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  • Why the Color Team Model Can't Be Fixed

    The problems run far deeper than the lack of guidance that color team labels provide us with. The real problem is the lack of purpose and guidance in the color team model. The color team model does not add up to a completely validated proposal, because it was not designed to do that. Color team reviews were designed around a sequence of milestones. The reason they cannot be made to work is that you cannot define the scope of the reviews in such a way that they meet the need of the proposal for validation.

    People have been unwilling to get rid of color teams because the need for quality proposals is supreme, and an ineffective attempt at it is perceived as better than no attempt. Is this the best that the industry can come up with? We can throw out the "red team" but keep the goals. Indeed, we must throw out the Red Team in order to achieve the goals.

    The Red Team review in particular, and color team reviews in general, were created with good intentions. But they fail in implementation. If Red Teams are good in principle but can't be implemented effectively in practice, then I question whether they are any good. Without positive results after 20 years, Red Teams certainly can no longer be considered a best practice. Does it make sense for the entire industry to accept a process that no one can implement with consistent success? In spite of the good intentions, and in spite of the need, color team proposal reviews are a waste of time and resources. Even with Color Teams, the need for proposal validation is going un-met. It's time to drop Color Teams and replace them with some real validation. Call it evolution.

    What we really need...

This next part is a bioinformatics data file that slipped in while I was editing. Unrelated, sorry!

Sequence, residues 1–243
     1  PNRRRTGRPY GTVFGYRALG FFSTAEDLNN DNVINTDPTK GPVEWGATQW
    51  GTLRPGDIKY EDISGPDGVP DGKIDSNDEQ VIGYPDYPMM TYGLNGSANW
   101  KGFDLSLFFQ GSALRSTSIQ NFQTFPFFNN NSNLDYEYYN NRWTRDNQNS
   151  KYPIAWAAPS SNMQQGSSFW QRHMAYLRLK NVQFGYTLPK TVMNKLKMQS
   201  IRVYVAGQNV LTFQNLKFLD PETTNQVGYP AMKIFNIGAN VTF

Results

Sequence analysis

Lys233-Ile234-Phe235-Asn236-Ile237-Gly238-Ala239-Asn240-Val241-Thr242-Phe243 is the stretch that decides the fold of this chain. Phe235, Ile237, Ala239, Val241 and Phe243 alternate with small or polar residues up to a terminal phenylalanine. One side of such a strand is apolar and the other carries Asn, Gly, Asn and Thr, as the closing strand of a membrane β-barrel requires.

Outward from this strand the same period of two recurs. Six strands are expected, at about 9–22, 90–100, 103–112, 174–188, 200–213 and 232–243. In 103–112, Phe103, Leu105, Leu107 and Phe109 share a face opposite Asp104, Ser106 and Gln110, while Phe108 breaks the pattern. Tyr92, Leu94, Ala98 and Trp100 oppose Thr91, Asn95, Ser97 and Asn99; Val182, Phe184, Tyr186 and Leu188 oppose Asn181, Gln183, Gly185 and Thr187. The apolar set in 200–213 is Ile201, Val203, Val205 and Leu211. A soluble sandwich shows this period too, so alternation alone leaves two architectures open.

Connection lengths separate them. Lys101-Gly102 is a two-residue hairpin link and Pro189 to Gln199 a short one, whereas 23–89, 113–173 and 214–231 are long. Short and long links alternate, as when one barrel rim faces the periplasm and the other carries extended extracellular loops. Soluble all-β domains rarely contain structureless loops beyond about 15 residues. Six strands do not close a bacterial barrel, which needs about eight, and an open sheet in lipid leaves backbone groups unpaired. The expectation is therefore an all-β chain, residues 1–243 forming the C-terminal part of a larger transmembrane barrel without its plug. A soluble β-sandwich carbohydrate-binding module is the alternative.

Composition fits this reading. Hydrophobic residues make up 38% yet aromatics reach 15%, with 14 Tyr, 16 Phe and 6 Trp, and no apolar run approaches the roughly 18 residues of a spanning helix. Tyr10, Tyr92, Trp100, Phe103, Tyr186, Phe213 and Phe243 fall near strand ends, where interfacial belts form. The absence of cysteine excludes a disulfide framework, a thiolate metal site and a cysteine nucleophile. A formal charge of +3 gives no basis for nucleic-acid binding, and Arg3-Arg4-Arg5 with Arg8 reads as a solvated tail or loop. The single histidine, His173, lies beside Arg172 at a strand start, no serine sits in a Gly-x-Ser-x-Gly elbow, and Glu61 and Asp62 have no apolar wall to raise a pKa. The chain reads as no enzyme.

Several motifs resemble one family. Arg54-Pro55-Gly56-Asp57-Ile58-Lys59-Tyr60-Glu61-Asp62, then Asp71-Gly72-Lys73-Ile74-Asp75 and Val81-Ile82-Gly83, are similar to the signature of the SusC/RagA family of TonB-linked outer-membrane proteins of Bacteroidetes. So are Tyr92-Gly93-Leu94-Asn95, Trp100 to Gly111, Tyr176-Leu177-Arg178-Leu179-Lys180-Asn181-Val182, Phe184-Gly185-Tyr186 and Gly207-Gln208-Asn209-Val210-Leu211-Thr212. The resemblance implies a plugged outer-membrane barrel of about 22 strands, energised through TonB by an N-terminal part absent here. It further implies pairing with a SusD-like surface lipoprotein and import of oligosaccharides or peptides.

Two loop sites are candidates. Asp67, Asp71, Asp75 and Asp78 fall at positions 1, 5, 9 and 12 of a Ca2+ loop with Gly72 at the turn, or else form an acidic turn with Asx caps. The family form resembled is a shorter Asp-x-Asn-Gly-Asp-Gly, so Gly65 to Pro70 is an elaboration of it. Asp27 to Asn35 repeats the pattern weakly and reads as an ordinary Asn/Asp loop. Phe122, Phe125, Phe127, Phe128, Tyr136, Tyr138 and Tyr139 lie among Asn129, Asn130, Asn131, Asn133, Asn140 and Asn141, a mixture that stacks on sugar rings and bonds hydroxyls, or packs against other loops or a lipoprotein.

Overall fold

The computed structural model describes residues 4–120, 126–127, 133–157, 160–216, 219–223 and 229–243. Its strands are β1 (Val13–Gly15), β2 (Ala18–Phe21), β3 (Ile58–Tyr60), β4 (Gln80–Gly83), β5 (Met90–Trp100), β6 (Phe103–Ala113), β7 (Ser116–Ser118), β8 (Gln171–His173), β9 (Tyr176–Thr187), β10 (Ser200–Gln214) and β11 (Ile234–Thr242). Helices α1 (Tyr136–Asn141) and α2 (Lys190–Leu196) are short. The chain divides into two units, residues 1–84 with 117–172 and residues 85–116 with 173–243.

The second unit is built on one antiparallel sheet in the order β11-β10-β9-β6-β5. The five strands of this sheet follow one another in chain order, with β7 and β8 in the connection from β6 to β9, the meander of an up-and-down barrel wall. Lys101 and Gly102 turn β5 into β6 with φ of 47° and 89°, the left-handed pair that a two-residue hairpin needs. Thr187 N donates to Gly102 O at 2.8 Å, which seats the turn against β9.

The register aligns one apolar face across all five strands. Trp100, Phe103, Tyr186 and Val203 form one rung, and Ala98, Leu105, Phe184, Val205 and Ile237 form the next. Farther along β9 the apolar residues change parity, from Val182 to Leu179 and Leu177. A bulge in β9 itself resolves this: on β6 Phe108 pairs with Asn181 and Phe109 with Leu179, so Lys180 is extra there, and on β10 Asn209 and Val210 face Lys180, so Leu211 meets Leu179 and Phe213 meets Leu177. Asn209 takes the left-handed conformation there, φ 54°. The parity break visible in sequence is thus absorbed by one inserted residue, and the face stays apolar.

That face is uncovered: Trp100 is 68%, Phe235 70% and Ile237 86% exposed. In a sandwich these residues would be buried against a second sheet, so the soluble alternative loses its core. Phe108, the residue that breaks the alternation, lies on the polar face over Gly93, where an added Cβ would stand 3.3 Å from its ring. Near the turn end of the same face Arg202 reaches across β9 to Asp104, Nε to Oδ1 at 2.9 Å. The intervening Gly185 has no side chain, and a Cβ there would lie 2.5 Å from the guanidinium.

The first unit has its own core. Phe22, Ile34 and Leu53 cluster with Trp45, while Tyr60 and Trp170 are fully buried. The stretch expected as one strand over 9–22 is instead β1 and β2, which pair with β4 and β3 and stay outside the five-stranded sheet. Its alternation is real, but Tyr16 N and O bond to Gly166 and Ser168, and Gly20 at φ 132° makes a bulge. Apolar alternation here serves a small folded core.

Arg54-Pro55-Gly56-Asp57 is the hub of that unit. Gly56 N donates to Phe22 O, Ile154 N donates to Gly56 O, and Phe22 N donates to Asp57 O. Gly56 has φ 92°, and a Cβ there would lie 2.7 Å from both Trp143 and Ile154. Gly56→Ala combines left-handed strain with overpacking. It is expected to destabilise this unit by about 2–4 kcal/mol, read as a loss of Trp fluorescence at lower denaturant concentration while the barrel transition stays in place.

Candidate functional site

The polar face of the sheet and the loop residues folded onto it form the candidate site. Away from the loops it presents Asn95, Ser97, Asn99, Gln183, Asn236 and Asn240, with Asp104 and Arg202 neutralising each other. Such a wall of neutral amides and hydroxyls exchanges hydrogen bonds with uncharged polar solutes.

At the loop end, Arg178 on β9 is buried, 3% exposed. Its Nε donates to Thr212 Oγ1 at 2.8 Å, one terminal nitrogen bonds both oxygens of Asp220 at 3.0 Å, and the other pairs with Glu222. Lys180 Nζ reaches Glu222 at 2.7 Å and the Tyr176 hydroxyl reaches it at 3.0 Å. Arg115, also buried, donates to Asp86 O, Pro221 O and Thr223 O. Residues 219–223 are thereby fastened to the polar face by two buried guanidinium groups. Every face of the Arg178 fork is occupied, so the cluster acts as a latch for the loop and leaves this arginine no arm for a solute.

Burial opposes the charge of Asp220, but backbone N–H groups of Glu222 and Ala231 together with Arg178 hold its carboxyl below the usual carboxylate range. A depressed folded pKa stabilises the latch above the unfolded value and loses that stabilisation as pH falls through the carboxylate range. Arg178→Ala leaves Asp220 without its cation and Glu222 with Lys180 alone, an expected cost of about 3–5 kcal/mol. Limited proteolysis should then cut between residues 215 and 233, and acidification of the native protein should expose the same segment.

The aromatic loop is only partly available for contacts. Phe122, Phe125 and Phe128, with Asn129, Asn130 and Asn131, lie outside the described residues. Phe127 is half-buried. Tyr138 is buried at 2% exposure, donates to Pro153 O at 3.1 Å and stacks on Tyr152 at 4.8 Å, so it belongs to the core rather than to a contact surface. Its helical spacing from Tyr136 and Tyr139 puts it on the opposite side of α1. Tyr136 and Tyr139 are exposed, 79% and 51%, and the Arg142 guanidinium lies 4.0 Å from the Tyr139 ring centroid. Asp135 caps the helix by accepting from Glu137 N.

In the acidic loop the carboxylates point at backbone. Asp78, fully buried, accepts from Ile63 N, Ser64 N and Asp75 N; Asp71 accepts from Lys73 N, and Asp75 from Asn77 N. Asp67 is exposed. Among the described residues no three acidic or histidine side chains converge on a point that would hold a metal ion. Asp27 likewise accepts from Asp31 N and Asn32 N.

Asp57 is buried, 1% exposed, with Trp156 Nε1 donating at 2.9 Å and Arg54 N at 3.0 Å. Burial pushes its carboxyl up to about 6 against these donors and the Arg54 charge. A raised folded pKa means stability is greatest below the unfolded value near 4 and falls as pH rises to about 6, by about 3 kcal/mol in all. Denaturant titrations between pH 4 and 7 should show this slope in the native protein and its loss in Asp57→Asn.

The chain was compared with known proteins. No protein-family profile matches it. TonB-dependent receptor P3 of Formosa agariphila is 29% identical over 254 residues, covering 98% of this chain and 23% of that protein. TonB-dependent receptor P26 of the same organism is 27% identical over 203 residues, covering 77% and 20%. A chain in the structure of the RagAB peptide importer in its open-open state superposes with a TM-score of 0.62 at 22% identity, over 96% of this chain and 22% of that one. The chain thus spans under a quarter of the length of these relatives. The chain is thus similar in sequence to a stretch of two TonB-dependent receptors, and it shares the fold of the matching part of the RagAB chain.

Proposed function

• Well defined review scopes that validate specific items
    • A methodology that defines the review requirements according to the needs of each particular business and proposal
    • An approach that incorporates guidance for review team members
    • Approaches for conducting reviews that better fit what circumstances require
    • Less impact on proposal workflow ? reviews that can be conducted without freezing the baseline or requiring a wasted production cycle
    • A way to determine what level of review is sufficient
    • Traceability from issue through validation
    • Quality assurance and quality control (they are two different things)
    • Reviews that add value
    • Reviews that help the proposal win

    How to Turn Down a Request for a Red Team

    From now on, when I am asked "When will we have the Red Team," I will answer:

    We are not having a Red Team. Red Teams are no longer a best practice. Instead we will explicitly identify what we are going to validate before submitting the proposal and we will validate each and every one. Some may require a meeting, some may just be a sign-off. I will prepare a Validation Plan that identifies each type of validation and how it will be performed and submit it for approval. When we execute the Validation Plan, people will know what is expected of them and receive appropriate guidance. This will add more value than I've ever seen a Red Team deliver.

    Carl Dickson
    By Carl Dickson, Founder of CapturePlanning.com and PropLIBRARY
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